With the beautiful spring days wandering around Tuscany is even more beautiful. Let's go back to our column of the best itineraries according to Borgo Scopeto, let's talk about the medieval castles and abbeys in the province of Siena.
16 km from Borgo Scopeto
Fortification of Lombard origin, it began to play an important role from the 12th century, when it became the property of the Ricasoli family, to whom it still belongs today and to whom the “recipe” of Chianti Classico is attributed. In fact, the castle stands in the middle of vast vineyards, from which the Ricasoli barons have obtained their famous wine since 1141. The original remains of the medieval castle are still present within the walls, especially the keep, a Romanesque church and a neo-Gothic villa in red brick. It is possible to visit the castle, with the exception of the main building, walk around the ramparts from where you can enjoy splendid views of the hills, visit the private chapel and the Ricasoli Collection.
25 km from Borgo Scopeto
It is one of the oldest and best known medieval villages in Italy. Built by Siena for defensive purposes between 1213 and 1219, it is also named by Dante Alighieri in the Divine Comedy; Hell, Canto XXXI. The village dominates the territory from the top of a hill overlooking the Via Cassia, a strategic position in the Valdelsa area. The point of greatest interest is its castle, founded in the second decade of the thirteenth century. Today it retains most of the 13th century, such as the 570 meter long walls and 14 imposing towers. Inside the walls, the Church of Santa Maria Assunta overlooks the square, a building that most of all retains its typical medieval appearance.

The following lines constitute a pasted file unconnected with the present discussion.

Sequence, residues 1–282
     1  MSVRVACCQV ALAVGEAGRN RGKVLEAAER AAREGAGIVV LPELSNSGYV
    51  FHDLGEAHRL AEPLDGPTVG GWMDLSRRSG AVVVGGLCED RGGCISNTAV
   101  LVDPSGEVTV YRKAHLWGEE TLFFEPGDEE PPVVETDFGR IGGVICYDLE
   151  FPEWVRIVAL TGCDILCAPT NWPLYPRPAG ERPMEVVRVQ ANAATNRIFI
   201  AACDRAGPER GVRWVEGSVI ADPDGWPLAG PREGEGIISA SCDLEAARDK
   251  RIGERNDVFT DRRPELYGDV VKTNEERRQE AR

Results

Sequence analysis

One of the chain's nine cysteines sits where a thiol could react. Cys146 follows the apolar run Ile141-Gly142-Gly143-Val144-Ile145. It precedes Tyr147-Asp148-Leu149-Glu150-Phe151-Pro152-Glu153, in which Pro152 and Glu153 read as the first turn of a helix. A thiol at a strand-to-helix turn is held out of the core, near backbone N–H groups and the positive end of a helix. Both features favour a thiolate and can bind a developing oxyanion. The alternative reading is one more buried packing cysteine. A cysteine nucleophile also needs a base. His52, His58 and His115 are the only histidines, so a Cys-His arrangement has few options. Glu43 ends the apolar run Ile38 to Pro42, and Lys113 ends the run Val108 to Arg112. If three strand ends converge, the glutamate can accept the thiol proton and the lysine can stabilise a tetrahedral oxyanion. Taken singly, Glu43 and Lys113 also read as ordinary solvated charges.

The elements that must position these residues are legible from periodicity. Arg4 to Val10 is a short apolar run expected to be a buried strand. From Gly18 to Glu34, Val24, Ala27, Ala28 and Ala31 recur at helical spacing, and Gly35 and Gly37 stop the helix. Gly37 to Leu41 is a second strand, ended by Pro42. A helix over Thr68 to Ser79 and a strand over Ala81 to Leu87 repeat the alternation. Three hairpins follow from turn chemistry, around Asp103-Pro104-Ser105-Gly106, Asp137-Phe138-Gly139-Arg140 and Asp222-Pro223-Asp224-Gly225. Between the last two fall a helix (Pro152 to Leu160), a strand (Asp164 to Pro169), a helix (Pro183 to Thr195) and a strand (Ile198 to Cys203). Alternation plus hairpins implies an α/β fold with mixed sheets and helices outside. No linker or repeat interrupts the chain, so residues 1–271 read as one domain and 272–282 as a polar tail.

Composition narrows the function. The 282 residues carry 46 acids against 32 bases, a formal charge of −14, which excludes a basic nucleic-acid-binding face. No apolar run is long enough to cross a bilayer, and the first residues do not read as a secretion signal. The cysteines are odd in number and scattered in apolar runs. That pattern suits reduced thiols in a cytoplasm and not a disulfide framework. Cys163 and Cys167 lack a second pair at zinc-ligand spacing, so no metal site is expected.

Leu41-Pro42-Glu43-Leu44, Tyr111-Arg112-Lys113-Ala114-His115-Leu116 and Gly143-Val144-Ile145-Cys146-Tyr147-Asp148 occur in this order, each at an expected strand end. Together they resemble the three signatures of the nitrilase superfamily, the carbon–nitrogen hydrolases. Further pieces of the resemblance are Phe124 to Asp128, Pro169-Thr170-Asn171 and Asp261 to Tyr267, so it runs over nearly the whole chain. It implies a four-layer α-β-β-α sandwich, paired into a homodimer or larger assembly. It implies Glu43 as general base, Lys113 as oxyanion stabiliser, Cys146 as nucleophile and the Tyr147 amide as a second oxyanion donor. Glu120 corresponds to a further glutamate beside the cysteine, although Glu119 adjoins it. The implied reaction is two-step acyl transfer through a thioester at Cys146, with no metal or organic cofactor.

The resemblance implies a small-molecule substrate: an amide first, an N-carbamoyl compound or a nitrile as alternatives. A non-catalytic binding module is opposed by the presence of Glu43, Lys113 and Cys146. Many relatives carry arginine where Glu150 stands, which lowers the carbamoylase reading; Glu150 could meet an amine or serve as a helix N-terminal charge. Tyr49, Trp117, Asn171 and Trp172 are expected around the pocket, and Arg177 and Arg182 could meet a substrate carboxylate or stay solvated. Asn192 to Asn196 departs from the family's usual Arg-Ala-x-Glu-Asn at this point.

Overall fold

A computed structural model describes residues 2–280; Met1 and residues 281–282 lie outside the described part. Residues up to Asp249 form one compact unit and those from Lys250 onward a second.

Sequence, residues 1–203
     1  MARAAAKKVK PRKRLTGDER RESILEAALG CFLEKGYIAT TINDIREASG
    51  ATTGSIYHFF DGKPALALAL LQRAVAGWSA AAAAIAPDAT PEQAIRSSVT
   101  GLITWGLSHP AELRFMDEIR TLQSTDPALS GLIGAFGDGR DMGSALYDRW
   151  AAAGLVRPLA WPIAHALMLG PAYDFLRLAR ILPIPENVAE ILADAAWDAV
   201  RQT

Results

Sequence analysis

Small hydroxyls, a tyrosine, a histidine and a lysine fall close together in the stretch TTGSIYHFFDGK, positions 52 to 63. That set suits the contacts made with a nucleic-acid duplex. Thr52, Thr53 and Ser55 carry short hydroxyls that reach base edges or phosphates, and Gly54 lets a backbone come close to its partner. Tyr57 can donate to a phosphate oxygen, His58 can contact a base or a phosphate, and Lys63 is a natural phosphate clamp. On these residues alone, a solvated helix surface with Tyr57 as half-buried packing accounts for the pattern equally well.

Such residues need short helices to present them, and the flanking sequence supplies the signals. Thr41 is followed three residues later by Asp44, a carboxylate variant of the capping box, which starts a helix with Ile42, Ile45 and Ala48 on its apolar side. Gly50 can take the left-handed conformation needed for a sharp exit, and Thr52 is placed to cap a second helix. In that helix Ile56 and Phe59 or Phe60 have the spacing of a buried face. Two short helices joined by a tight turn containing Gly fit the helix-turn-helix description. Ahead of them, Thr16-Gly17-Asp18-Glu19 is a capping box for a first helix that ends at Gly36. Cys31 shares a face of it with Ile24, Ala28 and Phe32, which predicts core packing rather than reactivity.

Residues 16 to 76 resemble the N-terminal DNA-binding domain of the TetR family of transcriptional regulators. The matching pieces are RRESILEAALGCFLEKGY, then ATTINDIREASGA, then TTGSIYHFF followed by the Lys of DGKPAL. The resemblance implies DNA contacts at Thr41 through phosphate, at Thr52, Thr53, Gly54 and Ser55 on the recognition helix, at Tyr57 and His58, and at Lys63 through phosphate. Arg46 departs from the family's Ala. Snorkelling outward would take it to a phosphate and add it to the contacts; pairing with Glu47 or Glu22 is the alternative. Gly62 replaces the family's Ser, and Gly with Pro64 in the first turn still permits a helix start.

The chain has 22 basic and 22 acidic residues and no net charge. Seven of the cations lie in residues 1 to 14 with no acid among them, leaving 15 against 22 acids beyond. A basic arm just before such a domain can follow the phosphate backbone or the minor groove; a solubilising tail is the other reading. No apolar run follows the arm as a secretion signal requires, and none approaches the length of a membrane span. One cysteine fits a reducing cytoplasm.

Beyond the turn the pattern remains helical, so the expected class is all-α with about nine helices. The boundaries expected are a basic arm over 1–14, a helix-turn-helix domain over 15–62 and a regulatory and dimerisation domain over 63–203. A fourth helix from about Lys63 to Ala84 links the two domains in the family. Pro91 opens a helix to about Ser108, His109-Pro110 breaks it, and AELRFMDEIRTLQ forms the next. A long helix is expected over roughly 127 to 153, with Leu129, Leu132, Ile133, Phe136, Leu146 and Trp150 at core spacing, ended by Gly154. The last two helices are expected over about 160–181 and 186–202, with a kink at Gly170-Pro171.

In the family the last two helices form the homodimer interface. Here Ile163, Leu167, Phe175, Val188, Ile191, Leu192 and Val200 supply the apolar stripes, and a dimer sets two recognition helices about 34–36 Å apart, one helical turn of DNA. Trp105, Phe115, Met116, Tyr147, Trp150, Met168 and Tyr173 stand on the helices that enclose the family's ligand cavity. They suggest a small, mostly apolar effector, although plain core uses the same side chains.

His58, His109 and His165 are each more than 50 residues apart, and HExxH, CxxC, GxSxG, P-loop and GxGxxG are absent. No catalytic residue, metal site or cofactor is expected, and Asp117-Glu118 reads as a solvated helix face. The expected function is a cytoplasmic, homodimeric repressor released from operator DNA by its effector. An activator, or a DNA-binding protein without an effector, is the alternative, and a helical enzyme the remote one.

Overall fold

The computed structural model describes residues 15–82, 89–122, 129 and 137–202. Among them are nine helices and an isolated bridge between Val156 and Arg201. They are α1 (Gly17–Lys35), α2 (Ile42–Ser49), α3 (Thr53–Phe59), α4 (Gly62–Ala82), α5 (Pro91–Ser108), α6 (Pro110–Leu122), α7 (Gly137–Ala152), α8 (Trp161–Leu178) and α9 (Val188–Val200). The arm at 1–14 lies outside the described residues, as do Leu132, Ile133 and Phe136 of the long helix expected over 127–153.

25 km from Borgo Scopeto
It is located between Monteriggioni and Strove. The name of the place derives from the marshes that once surrounded the lower part which made it look like a fortification perched on an island. It was founded in 1001 by the Lombard nobleman Ava di Staggia, who invited a community of Benedictines to settle in the complex. These carried out a difficult job of reclamation of the swamp and of enlargement of the monastery. In 1173 the church dedicated to San Cirino, a masterpiece of Romanesque art, was consecrated. It was abandoned in 1445 due to the strong expansion of the neighboring towns and thus began a slow decline. In a short time Abbadia a Isola turned into an anonymous rural village. Still whole is part of the moat, the main access gate, a square tower and a beautiful polygonal tower located at the north-west summit. A hint of bastion is still visible along the walls of the southwest corner. Today it houses a hostel for pilgrims who travel the Via Francigena.
50 km from Borgo Scopeto
A splendid monastery, of which only the remains remain today, it is today considered one of the most evocative and prestigious examples of Gothic-Cistercian architecture in Italy, it was the seat of one of the most important monasteries in Tuscany. The noble knight Galgano Guidotti, after giving up his life of comfort and wealth, took up the Cistercian habit and decided to have a chapel built on Monte Siepi, where in 1180 he chose to die as a hermit. Subsequently, the Cistercian monks built an oratory and a building in honor of the monk, who became a saint; thus the Abbey was born. In 1300 it was devastated by the troops directed by Giovanni Acuto and in 1400 the period of decline began, which culminated in the decision to abolish the monastic orders. A short distance from the abbey is the hermitage of Montesiepi, which houses the mysterious sword in the stone, 'Excalibur', the sword that San Galgano stuck in the stone when he decided to leave his noble life.
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